2016-02-18 / Community

Rainfall or not, CRPD keeping up conservation

By Kyle Jorrey

Even with the promise of an impending El Niño—a promise that appears more flimsy with each passing day—the Conejo Rec and Park District’s drought-related conservation efforts haven’t waned.

Between June and December last year, CRPD used 41 percent less water than it did during the same period in 2013, a savings of nearly 81 million gallons of the precious liquid, according to a recent district report. This despite actually using more water in December 2015 (12,586 units) than it did in December 2013 (11,995).

CRPD’s most recent water use report, released Feb. 3, outlines how the district has been able to reduce its reliance on water so drastically since Gov. Jerry Brown’s call for a 25 percent reduction last spring.

Over the past eight months, CRPD has spent around $350,000 converting 40 acres of grass at seven parks to wood chips or drought-tolerant plants.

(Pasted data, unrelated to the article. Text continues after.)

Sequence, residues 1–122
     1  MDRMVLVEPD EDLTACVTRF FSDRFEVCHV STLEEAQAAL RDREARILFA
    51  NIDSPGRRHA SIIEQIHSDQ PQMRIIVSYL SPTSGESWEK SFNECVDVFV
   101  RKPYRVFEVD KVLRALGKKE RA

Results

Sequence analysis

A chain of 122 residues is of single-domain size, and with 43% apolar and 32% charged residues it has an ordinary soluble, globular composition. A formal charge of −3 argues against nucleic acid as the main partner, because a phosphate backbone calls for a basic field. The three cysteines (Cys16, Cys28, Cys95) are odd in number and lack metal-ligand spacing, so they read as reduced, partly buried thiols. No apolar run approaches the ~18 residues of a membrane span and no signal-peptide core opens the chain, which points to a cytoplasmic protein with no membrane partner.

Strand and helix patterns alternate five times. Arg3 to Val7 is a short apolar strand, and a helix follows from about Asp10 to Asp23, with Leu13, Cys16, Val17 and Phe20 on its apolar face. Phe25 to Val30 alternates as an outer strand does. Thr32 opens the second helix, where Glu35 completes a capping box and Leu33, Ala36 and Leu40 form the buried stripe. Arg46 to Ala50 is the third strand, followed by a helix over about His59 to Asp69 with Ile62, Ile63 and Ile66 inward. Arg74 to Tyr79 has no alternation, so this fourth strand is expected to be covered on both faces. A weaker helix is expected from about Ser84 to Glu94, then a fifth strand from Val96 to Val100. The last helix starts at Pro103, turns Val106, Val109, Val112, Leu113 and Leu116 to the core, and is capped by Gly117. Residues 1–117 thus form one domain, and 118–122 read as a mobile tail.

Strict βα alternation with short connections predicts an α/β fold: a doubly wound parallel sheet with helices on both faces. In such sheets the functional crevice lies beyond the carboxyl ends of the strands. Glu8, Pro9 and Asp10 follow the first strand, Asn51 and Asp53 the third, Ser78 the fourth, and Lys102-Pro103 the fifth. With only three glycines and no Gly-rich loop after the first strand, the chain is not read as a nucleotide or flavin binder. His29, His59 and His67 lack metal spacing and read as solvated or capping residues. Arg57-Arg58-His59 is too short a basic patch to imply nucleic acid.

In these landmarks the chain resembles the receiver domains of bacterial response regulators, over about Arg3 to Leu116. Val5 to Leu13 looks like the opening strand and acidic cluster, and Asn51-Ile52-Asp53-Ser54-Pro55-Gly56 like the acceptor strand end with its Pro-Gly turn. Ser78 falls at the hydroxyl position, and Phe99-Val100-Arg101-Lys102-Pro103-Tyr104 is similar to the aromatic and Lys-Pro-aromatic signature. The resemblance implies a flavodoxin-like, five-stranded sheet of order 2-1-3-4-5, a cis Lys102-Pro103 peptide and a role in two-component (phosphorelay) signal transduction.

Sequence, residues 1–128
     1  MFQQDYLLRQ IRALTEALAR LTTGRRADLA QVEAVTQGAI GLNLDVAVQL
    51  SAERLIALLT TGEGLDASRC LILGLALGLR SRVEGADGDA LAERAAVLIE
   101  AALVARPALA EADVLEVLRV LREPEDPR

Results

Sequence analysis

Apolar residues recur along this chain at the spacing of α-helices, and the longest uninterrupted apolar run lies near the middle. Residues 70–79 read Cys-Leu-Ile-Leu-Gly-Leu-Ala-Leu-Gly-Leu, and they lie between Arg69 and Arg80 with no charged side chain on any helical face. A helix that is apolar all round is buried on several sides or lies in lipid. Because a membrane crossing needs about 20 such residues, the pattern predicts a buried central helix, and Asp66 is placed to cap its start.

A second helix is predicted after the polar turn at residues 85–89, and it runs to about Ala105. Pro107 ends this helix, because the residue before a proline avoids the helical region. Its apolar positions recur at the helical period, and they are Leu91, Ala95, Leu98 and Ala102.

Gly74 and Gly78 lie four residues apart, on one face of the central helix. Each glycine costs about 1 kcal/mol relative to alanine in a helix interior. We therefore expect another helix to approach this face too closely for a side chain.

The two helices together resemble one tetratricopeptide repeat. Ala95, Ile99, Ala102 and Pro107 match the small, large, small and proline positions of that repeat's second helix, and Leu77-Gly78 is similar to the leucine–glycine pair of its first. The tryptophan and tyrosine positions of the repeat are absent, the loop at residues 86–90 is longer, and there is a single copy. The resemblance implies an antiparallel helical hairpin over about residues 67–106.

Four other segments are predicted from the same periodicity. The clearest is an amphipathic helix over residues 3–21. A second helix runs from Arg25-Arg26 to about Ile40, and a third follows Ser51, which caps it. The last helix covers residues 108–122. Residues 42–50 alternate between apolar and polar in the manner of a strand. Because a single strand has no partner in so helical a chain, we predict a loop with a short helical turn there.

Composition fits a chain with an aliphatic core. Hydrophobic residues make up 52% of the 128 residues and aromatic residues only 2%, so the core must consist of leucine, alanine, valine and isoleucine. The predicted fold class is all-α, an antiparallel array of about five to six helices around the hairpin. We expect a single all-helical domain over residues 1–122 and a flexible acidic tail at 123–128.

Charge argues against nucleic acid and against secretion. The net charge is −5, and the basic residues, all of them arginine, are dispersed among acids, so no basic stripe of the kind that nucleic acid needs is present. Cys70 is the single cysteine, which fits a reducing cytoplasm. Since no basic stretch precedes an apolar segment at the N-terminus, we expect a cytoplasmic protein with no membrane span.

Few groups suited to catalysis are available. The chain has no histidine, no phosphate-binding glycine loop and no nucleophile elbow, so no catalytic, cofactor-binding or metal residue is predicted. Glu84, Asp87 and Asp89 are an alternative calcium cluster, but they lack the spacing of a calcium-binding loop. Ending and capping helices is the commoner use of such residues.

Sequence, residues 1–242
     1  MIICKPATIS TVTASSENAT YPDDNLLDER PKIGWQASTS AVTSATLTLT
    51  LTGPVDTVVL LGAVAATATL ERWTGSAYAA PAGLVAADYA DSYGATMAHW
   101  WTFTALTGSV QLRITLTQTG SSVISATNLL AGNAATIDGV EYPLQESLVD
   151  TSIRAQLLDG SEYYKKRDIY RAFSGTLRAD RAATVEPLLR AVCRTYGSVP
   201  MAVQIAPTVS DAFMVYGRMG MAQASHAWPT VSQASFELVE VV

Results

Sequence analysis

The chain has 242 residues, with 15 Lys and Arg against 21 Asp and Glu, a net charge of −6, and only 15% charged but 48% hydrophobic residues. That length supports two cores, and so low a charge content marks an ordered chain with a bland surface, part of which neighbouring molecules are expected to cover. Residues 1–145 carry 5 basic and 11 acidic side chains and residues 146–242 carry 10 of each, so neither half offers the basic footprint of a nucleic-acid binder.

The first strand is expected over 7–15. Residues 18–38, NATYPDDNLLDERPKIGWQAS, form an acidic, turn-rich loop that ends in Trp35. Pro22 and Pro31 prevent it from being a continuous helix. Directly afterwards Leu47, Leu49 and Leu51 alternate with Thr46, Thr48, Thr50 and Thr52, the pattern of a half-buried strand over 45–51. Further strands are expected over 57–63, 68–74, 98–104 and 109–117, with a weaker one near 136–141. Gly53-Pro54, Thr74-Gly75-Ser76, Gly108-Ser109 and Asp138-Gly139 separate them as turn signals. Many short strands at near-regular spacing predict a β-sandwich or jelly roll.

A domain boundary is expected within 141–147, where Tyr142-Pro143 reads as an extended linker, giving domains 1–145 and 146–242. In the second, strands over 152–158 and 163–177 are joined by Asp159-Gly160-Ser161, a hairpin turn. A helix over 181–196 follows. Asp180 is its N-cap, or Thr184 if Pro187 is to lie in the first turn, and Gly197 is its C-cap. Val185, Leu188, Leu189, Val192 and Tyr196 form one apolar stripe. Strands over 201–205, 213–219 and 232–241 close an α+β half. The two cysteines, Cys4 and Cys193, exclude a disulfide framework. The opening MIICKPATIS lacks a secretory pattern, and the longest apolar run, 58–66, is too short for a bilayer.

For its efforts, the park district expects to receive about $377,000 in turf-conversion rebates from the Metropolitan Water District.

Other water-saving projects and activities mentioned in the report: hiring an irrigation technician, replacing an irrigation booster pump at Conejo Creek South and using biochar at Kimber and Oakbrook neighborhood parks.

Work is scheduled to get underway in March on CRPD’s first reclaimed-water irrigation system, which is going in at North Ranch Neighborhood Park.

Using less water also means saving on expenses.

According to estimates, the district projects its total water costs to be $1.3 million for the current fiscal year (2015-16), down from $1.8 million in 2013-14.

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